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New Boston Celtics guard Jason Terry was born in Seattle, a town that featured an NBA team throughout Terry's youth. In college, Terry played for the Arizona Wildcats, and he's enjoyed successful stints with the Atlanta Hawks and Dallas Mavericks since entering the NBA. The man has plenty of logos to choose from were he to adorn his body with a tattoo of a particular basketball team's image, but in a wonderfully Terry-styled bit of whimsy, the player that is 2 1/2 months away from playing his first game with the Celtics has graced his left arm with a tat of the Celtics' famous leprechaun logo.
And, as Larry Brown Sports first pointed out to us, he's replaced the spinning basketball atop the leprechaun's extended index finger with that of the Larry O'Brien trophy that Terry got to hold aloft after winning the 2011 NBA championship with the Dallas Mavericks. Take a look, via Terry's Twitter account:
Of course, this isn't the first time Terry has shown such preseason moxie.
Out of seemingly nowhere — though the team in retrospect was very much a championship-worthy squad — the Dallas Mavericks took the 2011 title. Quite a few of us, citing matchups and depth in the Western Conference, had Dallas bowing out far before the NBA Finals; rarely giving championship consideration to a team that had failed in six previous attempts at winning a ring with Terry on board in Dallas. Deep into that playoff run, though, it was revealed that Terry had gotten a picture of the O'Brien trophy on his arm even before a regular season that most assumed would result in another ho-hum 50-plus win turn from Dallas and a second- or third-round ouster.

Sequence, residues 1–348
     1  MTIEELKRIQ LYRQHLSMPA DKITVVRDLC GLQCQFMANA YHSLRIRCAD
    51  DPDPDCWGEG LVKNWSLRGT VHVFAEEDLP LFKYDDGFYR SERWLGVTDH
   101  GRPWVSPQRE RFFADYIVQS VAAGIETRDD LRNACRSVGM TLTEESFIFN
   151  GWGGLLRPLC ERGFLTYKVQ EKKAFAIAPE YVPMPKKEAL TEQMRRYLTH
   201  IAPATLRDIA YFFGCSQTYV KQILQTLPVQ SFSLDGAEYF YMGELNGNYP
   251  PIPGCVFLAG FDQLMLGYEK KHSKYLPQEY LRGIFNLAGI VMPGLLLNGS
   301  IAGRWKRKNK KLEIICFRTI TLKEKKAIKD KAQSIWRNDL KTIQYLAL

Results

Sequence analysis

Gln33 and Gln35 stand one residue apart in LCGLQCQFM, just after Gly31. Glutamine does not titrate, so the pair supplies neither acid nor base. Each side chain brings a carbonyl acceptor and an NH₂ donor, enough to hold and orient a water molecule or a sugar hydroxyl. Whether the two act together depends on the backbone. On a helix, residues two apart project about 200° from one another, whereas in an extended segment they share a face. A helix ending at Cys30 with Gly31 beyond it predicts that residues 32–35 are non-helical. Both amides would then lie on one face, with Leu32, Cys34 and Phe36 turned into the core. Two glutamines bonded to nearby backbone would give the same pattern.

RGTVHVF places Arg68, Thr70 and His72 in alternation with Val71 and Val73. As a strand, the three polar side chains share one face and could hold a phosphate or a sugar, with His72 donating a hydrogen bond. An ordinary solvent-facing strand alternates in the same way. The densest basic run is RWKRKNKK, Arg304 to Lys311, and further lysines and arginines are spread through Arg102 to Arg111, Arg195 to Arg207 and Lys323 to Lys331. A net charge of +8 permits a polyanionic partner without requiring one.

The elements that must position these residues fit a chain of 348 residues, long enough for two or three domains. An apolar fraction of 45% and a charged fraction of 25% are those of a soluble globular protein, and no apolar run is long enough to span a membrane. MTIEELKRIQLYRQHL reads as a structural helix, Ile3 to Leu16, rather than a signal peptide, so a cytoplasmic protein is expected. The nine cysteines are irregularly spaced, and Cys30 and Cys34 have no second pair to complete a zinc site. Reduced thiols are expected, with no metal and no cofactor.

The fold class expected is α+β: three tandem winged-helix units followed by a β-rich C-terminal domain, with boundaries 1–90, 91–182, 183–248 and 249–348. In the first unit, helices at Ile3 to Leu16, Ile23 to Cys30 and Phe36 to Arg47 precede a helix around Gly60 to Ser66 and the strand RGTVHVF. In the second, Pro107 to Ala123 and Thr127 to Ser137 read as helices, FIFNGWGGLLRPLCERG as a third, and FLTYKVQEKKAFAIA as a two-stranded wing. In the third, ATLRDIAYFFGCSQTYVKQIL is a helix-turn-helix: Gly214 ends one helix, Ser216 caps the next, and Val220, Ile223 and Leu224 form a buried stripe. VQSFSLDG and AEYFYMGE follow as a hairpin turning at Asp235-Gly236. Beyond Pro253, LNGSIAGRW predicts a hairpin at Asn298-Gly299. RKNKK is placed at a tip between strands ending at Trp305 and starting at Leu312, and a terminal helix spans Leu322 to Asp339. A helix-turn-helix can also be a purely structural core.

Instead, the Mavs won it all. And Terry, ever full of engaging wit but not too much bravado (well, depending on your tastes, at least), looked a right genius for his move.
This time around? Eh, Terry might have to revisit his mid-Finals approach from 2011 and have the thing removed should the Celtics fail to take in their second title in six years.
Because though we respect the Celtics to no end, and think they did well to replace Ray Allen's minutes with that of a triptych featuring Terry, Courtney Lee and the recovering incumbent in Avery Bradley, a championship in Boston is even less of a sure thing in 2013 as it was for Dallas in 2011 — and Dallas' 2011 turn, though well executed and earned, was no sure thing. Kevin Garnett is a giant, and Paul Pierce is not to be dismissed, but neither is likely to match the sort of West-slaying and Miami Heat-embarrassing play that Dirk Nowitzki and Tyson Chandler came through with during the 2011 postseason.
None of this matters, though. This is the sort of confidence that you want, from a guy that is being asked to improve a Celtics offense that ranked amongst the worst of all teams in 2011-12 and certainly amongst the worst of any championship contenders during last season's playoffs. This is what Terry brings — he doesn't think of the Celtics as the group that lost to a Miami Heat team that seemed to grow in stature five times over in the wake of winning the Eastern Conference finals last June. He thinks of the Celtics as a team that was one good half of basketball away from winning a chance at hitting the Finals for the third time in five seasons.
And, it should be noted, it's a pretty fetching tattoo. Even if the self-loathing Mc in me doesn't exactly care for the leprechaun logo.
With only three NBA teams to his credit since his ascension to the NBA in 1999, Terry can hardly be called a "journeyman"; but you rarely see such dedication from players of his ilk, working toward the later stages of a career, on a team that might be a few unfortunate injuries away from missing out on the second round of the playoffs.
It's all very JET-like, and we'll always dig that.